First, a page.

Cover Letters: Taking a Pay Cut

If you're OK with a pay cut, then say so and explain why.

by Donna Svei on August 12, 2013

A recent survey found that 68% of Americans would take a pay cut for more satisfying work and that almost 25% of workers would take a BIG pay cut. Even so, employers often balk at hiring people for less than they have been making because they fear they will leave when they find a better job.

But what if you’re really willing to make less? Then address the concern head on.

One of my clients is making a change to more rewarding work. The change will entail a big pay cut. I love the words she used to describe this in a recent cover letter to a hiring manager. Shared with her OK, here is the paragraph she used to address possible concerns about her pay:

I know that a move to [type of job] will mean a significant cut in pay for me, but I am now in a position where I don’t need to make as much money as a [current title] at [current company] makes. Rather, I’m looking to make the most of everything I’ve learned over the past X years by bringing it all together and applying it as a [title] in the [name] field.

Simple, direct, and honest. She shares that she can afford a pay cut and her motivation for taking the cut. As a recruiter, I find her explanation more than adequate.  Because of this, I wouldn’t consider pay a negative in recruiting her – as long as the new job fits the career change she wants to make.

Whether you’re making a voluntary or involuntary job change, if it clearly involves a pay cut, let recruiters and hiring managers know up front you’re OK with that and why you’re OK with that.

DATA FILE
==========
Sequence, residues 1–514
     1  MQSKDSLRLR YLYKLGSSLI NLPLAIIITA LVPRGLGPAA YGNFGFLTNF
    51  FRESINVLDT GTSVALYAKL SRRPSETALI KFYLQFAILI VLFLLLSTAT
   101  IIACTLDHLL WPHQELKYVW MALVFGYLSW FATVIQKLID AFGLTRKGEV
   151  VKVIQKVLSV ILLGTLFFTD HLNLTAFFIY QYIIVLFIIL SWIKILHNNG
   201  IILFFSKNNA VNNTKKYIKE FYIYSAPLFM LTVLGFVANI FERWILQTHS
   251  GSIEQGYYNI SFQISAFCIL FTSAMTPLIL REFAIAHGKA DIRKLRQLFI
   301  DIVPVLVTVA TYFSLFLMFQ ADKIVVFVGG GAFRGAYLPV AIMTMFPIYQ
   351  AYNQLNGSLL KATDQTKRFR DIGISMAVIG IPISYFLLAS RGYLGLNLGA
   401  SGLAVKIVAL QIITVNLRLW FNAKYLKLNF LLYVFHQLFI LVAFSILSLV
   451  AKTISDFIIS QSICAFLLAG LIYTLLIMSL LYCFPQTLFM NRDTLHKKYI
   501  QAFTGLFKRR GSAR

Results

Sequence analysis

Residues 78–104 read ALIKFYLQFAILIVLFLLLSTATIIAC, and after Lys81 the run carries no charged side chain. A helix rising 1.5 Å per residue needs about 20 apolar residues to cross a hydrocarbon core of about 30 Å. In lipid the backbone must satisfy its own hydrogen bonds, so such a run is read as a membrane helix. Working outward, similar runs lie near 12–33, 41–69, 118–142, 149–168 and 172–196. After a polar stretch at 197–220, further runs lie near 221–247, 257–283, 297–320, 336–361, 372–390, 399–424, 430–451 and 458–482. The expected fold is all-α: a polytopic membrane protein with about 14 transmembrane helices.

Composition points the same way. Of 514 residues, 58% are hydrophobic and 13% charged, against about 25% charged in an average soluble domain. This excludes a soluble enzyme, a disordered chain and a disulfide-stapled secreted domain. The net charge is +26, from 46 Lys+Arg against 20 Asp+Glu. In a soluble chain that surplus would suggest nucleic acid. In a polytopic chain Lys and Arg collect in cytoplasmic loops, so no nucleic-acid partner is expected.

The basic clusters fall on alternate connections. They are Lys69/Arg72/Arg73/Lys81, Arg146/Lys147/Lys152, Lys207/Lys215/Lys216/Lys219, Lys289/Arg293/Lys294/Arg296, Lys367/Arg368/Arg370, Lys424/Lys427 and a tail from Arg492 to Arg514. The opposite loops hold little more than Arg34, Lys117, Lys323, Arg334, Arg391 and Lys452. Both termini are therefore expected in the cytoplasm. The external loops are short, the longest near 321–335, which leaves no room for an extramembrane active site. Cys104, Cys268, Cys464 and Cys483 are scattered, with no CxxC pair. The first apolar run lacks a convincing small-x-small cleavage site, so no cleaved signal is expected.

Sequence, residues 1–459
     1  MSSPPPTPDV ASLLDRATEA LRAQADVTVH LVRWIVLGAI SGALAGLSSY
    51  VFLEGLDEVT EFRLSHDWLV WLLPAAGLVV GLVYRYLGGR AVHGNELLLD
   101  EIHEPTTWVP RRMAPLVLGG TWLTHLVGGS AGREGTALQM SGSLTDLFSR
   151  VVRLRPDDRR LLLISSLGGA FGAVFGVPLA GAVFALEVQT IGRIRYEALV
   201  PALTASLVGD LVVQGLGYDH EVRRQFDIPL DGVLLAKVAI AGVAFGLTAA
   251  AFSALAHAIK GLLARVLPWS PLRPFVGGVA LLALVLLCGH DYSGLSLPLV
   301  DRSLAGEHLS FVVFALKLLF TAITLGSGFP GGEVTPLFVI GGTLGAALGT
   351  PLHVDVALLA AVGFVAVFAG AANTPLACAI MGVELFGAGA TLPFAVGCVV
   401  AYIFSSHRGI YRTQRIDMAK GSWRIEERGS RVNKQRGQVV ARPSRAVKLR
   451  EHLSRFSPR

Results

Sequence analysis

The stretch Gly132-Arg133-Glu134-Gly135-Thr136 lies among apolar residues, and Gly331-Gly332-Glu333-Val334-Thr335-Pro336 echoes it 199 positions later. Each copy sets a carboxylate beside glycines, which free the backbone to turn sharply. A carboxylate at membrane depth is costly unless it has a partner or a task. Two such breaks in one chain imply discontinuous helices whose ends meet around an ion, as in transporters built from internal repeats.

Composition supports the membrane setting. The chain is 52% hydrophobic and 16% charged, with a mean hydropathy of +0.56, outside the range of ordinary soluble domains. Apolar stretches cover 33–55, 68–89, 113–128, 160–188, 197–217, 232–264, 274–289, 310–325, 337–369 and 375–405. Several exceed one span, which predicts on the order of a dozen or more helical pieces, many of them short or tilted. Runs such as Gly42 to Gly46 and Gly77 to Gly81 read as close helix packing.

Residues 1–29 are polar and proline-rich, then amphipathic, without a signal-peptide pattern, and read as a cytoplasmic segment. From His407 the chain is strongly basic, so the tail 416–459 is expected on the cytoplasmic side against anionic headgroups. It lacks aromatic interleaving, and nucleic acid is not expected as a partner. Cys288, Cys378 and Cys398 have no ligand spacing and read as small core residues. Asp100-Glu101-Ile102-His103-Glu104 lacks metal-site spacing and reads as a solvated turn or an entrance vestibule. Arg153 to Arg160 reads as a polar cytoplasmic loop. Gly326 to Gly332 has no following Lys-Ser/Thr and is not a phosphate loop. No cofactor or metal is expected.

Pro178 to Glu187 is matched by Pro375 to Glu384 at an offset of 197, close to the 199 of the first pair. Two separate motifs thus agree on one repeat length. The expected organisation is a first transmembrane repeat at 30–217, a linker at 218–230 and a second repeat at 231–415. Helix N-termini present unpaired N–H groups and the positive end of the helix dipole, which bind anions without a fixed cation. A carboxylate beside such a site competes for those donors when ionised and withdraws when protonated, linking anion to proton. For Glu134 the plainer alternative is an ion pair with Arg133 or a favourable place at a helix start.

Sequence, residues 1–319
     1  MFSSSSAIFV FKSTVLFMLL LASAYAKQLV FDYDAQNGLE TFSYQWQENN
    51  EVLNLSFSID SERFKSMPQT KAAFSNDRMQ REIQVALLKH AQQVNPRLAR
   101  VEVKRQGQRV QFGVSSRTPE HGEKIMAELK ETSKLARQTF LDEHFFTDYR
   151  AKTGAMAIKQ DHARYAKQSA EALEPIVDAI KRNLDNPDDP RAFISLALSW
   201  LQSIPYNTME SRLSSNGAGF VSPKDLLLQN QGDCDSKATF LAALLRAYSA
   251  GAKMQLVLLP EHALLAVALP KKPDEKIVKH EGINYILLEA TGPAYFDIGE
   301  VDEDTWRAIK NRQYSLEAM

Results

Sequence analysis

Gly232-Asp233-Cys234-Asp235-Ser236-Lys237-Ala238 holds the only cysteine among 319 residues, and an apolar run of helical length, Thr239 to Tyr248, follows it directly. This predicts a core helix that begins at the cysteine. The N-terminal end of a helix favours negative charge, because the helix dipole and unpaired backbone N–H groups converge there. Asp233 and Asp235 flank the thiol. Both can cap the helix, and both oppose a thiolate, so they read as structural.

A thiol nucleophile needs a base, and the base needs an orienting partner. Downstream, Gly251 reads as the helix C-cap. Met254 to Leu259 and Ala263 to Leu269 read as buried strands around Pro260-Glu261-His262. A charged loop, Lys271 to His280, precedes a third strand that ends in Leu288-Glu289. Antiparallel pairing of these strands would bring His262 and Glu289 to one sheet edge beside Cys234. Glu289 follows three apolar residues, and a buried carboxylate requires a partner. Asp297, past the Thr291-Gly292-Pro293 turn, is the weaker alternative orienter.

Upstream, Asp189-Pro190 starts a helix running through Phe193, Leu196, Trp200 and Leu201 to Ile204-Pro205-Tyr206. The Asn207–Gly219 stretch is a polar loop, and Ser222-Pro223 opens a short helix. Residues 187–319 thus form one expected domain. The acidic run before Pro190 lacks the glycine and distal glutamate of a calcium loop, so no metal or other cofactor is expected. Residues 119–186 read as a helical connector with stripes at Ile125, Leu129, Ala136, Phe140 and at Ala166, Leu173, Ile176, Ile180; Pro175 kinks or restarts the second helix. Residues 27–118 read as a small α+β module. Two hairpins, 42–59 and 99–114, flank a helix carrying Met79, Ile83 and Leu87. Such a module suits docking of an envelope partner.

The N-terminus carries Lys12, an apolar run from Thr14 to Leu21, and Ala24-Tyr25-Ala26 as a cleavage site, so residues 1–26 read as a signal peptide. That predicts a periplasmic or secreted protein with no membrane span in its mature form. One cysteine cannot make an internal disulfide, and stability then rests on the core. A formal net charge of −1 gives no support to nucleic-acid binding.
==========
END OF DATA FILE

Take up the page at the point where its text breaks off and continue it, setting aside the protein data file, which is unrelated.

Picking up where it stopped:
I write executive resumes and LinkedIn profiles. Save time. Get hired. Email me at donnasvei@gmail.com or call me at (208) 721-0131. 

Image © kentoh – Fotolia.com

{ 2 comments… read them below or add one }

Diane August 13, 2013 at 11:25

What about cases in which the individual is over 50-55+, has had his/her position eliminated due to reduction in force and wants to heed the advice of being unemployed for as short a time as possible. If it’s the right job in the right organization and s/he can genuinely express enthusiasm and convey expertise that fits the employer’s needs, what could s/he write about salary if they are sincerely willing to take a pay cut? Willing is not the same as being happy or thrilled about it………

Hi Diane,

I think if someone’s willing, but not happy, to take a pay cut they might leave as soon as they find another position.

However, if that’s not the case, then say something like this:

“I know that a move to [type of job] will mean a significant cut in pay for me, but I am now in a position where I don’t need to make as much money as I made as a [former title] at [former company]. Rather, I want to work. I’m not a stay-at-home type of person. I have enjoyed just about every job I’ve ever had, at whatever level, and have always given my employers excellent performance in my responsibilities. In case you’re worried that I would come up to speed and then leave for a higher paying job, I’m willing to make a time commitment to your company if I come to work for you.”

I hope that’s helpful. It would get my attention in a good way.

Donna

Sid August 15, 2013 at 14:05

I think that the comments are not backed with any sound facts at all. If enough employees have a modest lifestyle and they have a mortgage (rent), car payment (lease) and fixed obligations and perhaps educational responsibilities, loses a position that pays those bills, then it would be very foolish for the employee to take a pay cut. This is bully tactics from an insensitive employer. That is certain failure for the employee and most probably for the employer in the long run. Bad Business! This is like a vendor selling a product for less than they pay for it. Thats good business? How long will it be before the entire economic structure collapses in failure?

Hi Sid,

I appreciate what you’re saying. Some people are blessed enough to earn enough that they determine what “enough” is for them in terms of financial income and security. If they’re willing to take a job they think will give them more non-financial fulfillment, that’s their decision to make.

Thank you,

Donna

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